Decentralized Edge Devices Train AI Models Quickly and Ethically

Machine learning drives artificial intelligence, but cloud-based training models can compromise sensitive user data. AI developers are using federated learning and edge computing to protect user privacy and to train models from multiple sources.

 

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Image credit: Consilient

Machine learning underpins much of the artificial intelligence used today. It is fast, accurate, and exponentially improves the processes for which it is designed.

AI models are trained using data that is aggregated from multiple edge devices and then sent to a centralized server. The data is applied to machine learning algorithms to train the model, which updates predictions based on the new information.

That works well in a closed network scenario, but the prevalence of cloud computing has a major impact on machine learning. Cloud-based AI solutions can undercut user privacy. Using traditional machine learning methods, sensitive user data is sent to the cloud along with the training data.

To combat that problem, AI companies are turning to federated learning, a decentralized form of machine learning. Federated learning pulls together on-device AI, blockchain, and edge computing with Internet of Things technology. It can collect data from distinct locations, sometimes even different organizations, but it only shares the relevant training information to protect user privacy and other sensitive data.

Diagram about preventing financial crime

Image credit: Consilient

Functional Encryption

Also known as collaborative learning, federated learning trains a central model using decentralized data. A local copy of the centralized machine learning application resides on the edge devices, and the model is trained locally doing the processing at the edge, not the centralized server. The training results are transferred through the cloud to the central server, but the sensitive user data is encrypted and inaccessible.

The centralized server aggregates the results from all the edge devices and updates its machine learning models. A copy of the newer model is shared with the edge devices and the process continues, further refining the machine learning model. Because it aggregates training data from multiple sources it can identify common patterns and build a robust model quickly while preserving user privacy

The user data is encrypted locally, and the encryption key is not on the centralized cloud server. The server is only able to decrypt the aggregated results. Because it protects sensitive data, federated learning is well-suited for the defense, telecommunications, financial, and pharmaceutical industries.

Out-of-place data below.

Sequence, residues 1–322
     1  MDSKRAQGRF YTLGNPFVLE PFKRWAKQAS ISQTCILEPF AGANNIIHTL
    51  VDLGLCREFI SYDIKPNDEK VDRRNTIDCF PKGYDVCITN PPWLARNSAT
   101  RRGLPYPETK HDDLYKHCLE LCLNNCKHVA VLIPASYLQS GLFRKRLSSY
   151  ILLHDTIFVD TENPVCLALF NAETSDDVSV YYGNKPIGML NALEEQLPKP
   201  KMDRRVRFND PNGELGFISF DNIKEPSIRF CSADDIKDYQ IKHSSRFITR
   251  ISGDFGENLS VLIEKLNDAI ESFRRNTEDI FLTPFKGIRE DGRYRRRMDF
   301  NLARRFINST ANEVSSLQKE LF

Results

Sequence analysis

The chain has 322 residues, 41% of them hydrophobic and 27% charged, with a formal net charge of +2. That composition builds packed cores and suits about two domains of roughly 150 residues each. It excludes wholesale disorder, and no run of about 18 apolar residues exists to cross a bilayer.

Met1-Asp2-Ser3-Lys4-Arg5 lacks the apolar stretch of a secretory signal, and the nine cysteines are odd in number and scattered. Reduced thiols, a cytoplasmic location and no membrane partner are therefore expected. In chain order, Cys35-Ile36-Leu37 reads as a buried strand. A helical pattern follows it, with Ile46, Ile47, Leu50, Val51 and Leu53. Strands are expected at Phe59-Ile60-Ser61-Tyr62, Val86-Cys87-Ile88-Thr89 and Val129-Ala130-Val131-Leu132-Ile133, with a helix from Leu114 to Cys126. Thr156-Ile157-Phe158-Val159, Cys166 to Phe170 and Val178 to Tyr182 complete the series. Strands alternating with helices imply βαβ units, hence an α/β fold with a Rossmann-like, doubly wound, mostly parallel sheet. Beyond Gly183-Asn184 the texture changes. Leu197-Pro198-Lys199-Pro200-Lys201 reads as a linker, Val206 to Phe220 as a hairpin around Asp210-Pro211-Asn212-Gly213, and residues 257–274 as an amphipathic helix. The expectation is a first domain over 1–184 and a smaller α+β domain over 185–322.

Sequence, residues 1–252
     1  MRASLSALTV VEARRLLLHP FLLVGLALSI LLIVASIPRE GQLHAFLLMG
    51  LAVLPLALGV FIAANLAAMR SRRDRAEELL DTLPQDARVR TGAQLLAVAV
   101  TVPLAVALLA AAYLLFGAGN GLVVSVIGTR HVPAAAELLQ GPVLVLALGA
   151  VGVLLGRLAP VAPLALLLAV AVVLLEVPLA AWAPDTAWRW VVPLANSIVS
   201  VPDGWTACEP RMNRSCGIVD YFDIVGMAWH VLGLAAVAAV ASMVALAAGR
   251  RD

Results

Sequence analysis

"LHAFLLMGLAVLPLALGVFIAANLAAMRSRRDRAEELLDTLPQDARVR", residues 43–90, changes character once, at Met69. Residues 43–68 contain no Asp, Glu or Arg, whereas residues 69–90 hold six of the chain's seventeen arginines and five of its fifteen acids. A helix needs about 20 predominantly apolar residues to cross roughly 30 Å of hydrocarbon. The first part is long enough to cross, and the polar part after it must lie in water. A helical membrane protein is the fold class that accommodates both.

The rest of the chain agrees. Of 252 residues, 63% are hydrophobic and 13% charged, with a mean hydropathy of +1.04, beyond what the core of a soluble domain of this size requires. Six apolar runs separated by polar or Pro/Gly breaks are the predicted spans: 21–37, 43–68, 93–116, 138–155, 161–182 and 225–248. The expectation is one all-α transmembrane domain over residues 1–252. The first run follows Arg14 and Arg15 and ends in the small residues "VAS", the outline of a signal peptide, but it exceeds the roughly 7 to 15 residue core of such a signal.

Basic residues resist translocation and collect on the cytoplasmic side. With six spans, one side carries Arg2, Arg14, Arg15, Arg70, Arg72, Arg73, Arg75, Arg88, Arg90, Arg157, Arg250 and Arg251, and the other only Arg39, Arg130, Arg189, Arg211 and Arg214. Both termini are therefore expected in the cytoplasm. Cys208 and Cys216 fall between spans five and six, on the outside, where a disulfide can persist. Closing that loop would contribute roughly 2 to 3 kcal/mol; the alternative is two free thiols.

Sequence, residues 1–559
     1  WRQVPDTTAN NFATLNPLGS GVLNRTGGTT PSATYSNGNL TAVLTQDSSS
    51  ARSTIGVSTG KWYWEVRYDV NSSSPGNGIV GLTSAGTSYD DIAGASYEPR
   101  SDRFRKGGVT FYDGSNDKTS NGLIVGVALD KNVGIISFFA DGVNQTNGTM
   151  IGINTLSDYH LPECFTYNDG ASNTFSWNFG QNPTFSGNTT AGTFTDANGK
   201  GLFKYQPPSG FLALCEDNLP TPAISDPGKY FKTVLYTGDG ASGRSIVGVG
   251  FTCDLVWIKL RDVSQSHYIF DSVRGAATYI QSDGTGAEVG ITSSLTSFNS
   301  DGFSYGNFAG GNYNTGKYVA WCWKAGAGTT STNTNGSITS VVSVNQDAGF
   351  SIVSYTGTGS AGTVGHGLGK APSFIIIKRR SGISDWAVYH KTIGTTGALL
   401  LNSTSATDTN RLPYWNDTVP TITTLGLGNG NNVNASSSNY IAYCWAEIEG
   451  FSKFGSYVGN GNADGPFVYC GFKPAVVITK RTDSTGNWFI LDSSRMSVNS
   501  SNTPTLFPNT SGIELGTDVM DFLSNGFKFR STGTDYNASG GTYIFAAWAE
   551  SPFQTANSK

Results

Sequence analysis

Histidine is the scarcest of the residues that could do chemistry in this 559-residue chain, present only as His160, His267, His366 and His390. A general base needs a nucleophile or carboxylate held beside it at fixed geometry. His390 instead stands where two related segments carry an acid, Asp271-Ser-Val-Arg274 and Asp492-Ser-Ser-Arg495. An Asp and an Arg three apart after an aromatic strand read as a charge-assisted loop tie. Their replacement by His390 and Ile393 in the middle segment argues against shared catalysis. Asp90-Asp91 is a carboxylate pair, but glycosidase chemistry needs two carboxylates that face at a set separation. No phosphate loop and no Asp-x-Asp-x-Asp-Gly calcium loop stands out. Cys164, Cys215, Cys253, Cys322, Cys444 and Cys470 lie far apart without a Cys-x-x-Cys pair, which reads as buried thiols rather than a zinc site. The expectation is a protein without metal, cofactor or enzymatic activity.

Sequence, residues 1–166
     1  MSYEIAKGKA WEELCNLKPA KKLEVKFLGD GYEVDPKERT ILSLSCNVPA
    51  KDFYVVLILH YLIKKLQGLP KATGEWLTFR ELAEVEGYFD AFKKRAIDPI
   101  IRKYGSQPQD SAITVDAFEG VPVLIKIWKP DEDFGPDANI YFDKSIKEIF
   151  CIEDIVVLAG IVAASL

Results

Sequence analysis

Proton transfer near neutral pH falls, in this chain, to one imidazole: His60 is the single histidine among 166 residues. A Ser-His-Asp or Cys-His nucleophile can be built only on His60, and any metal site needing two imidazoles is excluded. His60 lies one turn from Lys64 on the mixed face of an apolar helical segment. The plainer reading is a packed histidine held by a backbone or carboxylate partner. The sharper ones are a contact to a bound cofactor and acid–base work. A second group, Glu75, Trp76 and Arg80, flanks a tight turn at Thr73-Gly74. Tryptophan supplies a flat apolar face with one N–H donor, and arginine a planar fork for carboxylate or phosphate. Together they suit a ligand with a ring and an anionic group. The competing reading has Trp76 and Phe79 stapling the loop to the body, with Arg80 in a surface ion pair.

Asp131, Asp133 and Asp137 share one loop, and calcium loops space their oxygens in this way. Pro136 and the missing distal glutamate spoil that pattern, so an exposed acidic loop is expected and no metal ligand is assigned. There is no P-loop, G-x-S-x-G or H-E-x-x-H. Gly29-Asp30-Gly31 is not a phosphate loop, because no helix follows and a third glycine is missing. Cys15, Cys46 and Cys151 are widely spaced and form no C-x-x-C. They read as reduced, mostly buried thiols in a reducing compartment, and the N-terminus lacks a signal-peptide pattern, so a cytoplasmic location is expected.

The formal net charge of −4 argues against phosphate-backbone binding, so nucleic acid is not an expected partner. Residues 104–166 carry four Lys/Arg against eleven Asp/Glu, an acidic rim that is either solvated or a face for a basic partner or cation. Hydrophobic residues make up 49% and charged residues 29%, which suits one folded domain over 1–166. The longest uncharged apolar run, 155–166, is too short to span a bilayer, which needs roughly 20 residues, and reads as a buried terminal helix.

Private Collaboration

The use of federated learning can, in fact, improve artificial intelligence because it expands the data sources that train the models. For example, Intel® partner Consilient has developed Dozer, a federated learning solution that helps financial institutions detect fraud and money laundering. 

Many of the current fraud detection systems are focused on the regulatory side, and they often still involve manual procedures. Even with those processes in place, McKinsey estimates that illegal transactions total $800 billion to $2 trillion annually, and authorities discover less than 1 percent of those illegal transactions.

Consilient’s Dozer, with Intel’s Software Guard Extensions (SGX), aggregates anti-fraud and anti-money laundering analytics from multiple financial institutions. Dozer improves the AI training models in the central database, while protecting user and bank data. Traditionally that information is siloed within each banking institution, but Dozer provides banks with analytical insights from across the entire sector. That enables earlier detection of bad actors or fraudulent schemes.

Similar benefits can be gained on the manufacturing floor, where computer vision is used to perform product inspections. Not only can manufacturers discover flaws more quickly, edge processing also prevents thousands of images from being transported to the cloud, thus improving latency. That saves manufacturers time, money, and network resources, while still improving the end product.

 

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